What’s happening with Lasting Powers of Attorney?

Man using a laptop computer at a desk

If you’re looking to set up an LPA or just want to understand what all the fuss over new legislation is about, here’s a rundown of what’s changing and how it affects you.

When the Powers of Attorney Act 2023 received Royal Assent on September 18, it set off a series of changes that will reshape how Lasting Powers of Attorney (LPAs) are handled. It’s clear the government has taken on the challenge of modernising the LPA system, aiming to make it more user-friendly, quicker to navigate, and added layers of security to protect everyone involved.

What is an LPA, anyway?

Life has its fair share of surprises, and some unfortunately can impact our ability to make our own decisions. That’s where a Lasting Power of Attorney (LPA) comes into play. It’s a vital legal document that lets you appoint a trusted person to step into your shoes if you’re not in a position to make decisions yourself. This could be for short-term needs – for example, if you’re recovering in hospital and someone needs to handle your day-to-day finances – or long-term planning, such as if you were to face a condition that affects your mental capacity.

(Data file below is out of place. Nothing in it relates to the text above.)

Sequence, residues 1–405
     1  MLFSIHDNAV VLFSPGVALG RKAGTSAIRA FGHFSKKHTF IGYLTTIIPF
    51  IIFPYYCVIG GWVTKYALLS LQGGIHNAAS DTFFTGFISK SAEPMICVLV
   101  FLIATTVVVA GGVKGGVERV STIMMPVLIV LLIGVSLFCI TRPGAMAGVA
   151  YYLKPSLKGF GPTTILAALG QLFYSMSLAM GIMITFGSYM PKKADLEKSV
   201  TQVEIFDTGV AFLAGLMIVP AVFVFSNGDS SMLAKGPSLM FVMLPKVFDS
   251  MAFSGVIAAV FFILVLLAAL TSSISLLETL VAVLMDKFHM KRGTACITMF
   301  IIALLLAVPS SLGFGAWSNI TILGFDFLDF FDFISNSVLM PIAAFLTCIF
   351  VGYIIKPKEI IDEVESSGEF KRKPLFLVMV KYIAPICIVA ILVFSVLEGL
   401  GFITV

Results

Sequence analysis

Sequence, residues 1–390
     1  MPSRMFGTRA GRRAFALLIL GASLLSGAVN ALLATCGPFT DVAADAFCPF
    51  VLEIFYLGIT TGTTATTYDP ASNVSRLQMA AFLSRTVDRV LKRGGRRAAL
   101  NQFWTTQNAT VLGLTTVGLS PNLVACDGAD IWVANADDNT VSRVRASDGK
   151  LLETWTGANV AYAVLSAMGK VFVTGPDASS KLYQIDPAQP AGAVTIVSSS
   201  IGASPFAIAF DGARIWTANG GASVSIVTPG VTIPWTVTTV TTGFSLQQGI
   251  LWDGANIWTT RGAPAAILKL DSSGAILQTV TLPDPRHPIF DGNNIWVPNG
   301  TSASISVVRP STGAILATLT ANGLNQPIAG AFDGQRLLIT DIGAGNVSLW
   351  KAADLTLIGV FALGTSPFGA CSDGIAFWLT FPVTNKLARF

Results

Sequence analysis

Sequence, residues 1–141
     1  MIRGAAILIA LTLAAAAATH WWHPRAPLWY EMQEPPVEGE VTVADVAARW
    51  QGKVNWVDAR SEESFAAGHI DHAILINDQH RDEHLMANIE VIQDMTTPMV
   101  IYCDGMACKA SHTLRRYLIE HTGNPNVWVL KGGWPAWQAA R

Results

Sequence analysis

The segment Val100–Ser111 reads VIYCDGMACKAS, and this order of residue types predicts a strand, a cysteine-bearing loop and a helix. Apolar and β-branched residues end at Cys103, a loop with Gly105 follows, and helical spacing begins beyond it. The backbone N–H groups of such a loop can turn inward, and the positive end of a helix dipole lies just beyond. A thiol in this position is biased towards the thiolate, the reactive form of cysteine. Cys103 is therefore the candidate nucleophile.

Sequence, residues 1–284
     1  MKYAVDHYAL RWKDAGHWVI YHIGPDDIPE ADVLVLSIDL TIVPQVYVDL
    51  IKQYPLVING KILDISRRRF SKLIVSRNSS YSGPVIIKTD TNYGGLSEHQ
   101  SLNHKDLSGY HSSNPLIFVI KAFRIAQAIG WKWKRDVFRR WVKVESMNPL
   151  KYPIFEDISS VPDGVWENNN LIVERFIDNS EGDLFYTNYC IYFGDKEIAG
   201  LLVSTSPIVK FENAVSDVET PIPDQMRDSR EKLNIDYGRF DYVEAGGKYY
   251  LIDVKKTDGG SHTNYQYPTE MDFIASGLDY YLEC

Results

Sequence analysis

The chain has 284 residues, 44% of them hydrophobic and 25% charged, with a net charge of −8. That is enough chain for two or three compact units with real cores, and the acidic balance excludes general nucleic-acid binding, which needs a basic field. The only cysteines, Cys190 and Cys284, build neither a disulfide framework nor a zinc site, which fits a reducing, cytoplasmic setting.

Having an LPA in place is a form of future-proofing your wellbeing and assets. And here’s the thing: creating an LPA doesn’t mean you’re immediately handing over the reins. As long as you’re mentally fit, you remain in the driver’s seat, and the LPA simply acts like a spare tyre in the boot – there if you need it but not in the way while you’re cruising along.